By Michael J. Herrick, Esq.
Shaun Olmstead and Julie Connell (collectively herein referred to as “Olmstead”), through certain single-member limited liability companies (“LLCs”), operated an advance-fee credit card scam. In response to this scam, the Federal Trade Commission (“FTC”) sued Olmstead and the LLCs for unfair or deceptive trade practices. FTC obtained judgment and to satisfy it they obtained an order compelling Olmstead to endorse and surrender to the receiver all of their right, title and interest in their LLCs. This ruling called into question the widely-accepted principal in most jurisdictions – including Ohio – that an LLC’s creditor’s sole remedy was to obtain a charging order against the company.
In Olmstead, the Florida Supreme Court had to reconcile two statutes. First, F.S. 608.433(4) provides a charging order remedy for creditors of LLC members:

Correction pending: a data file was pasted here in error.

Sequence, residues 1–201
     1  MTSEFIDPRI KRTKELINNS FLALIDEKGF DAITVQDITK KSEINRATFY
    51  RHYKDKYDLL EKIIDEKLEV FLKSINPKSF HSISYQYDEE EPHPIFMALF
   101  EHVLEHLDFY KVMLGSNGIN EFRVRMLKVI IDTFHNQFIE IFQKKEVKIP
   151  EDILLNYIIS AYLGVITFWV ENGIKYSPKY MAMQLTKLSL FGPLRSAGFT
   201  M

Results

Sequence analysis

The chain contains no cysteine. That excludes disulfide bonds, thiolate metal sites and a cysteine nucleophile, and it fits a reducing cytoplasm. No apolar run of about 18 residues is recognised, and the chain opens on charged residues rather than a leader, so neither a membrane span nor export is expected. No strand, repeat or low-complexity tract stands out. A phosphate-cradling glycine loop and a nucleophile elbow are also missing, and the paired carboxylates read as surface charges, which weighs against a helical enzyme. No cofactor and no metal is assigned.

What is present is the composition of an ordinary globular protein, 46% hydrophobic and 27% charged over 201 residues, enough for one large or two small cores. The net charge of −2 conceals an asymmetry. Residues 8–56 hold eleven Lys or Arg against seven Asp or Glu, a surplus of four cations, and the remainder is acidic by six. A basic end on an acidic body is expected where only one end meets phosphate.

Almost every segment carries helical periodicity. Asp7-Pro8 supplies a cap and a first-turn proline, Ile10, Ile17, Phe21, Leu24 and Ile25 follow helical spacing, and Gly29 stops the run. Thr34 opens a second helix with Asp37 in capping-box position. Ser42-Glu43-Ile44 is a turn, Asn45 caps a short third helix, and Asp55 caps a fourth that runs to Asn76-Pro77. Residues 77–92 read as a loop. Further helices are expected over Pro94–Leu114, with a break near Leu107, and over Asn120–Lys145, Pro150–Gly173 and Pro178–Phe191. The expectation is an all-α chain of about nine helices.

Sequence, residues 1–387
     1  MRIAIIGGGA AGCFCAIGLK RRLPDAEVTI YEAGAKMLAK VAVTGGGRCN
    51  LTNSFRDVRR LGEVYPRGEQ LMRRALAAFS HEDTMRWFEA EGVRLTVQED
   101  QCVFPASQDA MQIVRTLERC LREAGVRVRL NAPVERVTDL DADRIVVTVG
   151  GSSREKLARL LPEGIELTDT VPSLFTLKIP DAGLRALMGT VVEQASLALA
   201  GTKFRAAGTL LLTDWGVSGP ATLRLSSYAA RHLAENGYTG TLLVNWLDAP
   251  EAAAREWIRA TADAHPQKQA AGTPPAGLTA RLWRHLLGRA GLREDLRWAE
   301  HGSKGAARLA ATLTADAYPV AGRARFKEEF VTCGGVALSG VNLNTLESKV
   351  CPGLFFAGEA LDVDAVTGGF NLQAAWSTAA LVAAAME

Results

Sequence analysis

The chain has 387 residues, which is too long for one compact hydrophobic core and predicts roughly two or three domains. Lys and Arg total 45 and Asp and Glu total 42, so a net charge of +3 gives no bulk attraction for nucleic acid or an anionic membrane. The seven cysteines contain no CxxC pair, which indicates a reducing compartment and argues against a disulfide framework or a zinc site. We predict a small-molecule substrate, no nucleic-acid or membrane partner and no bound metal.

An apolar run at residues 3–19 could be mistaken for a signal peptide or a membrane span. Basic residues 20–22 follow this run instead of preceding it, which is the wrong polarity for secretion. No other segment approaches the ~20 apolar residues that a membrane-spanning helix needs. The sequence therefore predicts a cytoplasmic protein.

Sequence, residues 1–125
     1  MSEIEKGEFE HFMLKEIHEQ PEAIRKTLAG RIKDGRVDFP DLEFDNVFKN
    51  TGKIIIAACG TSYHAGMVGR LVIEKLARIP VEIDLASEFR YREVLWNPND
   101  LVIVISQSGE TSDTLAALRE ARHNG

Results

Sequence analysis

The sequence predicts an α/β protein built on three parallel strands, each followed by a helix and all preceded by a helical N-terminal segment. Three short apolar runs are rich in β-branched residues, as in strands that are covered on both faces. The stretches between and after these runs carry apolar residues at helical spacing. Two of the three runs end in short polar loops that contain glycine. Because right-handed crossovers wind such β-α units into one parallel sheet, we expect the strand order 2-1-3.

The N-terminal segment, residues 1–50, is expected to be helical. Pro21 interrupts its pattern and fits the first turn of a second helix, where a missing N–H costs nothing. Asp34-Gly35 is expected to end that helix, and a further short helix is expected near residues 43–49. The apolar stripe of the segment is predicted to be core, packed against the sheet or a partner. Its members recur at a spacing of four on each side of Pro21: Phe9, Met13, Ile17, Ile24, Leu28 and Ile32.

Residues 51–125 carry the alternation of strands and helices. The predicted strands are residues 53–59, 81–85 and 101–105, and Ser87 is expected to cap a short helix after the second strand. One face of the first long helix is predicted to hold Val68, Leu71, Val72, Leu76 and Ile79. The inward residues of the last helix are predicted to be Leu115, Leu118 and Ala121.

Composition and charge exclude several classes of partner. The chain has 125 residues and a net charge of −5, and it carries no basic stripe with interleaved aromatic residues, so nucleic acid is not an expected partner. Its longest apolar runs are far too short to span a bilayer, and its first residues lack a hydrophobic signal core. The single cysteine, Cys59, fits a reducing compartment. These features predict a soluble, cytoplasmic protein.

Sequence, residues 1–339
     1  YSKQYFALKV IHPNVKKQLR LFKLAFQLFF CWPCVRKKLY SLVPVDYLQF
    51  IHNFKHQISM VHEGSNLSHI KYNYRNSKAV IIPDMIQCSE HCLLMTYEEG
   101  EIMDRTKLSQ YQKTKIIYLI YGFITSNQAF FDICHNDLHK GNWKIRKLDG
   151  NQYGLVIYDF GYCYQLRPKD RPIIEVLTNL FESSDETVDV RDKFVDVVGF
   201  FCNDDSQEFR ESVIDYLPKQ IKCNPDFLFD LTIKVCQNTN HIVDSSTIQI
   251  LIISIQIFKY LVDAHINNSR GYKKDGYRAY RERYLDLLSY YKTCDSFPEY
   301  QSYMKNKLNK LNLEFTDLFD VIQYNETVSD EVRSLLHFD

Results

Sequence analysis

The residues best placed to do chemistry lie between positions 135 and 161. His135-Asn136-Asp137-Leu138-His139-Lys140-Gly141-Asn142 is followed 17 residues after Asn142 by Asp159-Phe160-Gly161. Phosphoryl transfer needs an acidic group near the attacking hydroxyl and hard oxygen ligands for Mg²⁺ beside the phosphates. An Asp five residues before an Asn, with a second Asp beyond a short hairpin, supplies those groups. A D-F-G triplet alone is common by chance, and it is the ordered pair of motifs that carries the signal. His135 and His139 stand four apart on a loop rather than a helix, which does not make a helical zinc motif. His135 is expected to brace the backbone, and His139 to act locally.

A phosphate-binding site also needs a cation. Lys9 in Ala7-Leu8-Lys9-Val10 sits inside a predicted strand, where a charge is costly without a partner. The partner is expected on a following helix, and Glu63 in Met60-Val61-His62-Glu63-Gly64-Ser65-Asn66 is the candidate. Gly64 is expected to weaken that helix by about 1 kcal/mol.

On application to a court of competent jurisdiction by any judgment creditor of a member, the court may charge the limited liability company membership interest of the member with payment of the unsatisfied amount of the judgment with interest. To the extent so charged, the judgment creditor has only the rights of an assignee of such interest. This chapter does not deprive any member of the benefit of any exemption laws applicable to the member’s interest. [emphasis added]
F.S. 608.433(1) provides that:
Unless otherwise provided in the articles of organization or operating agreement, an assignee of a limited liability company interest may become a member only if all members other than the member assigning the interest consent.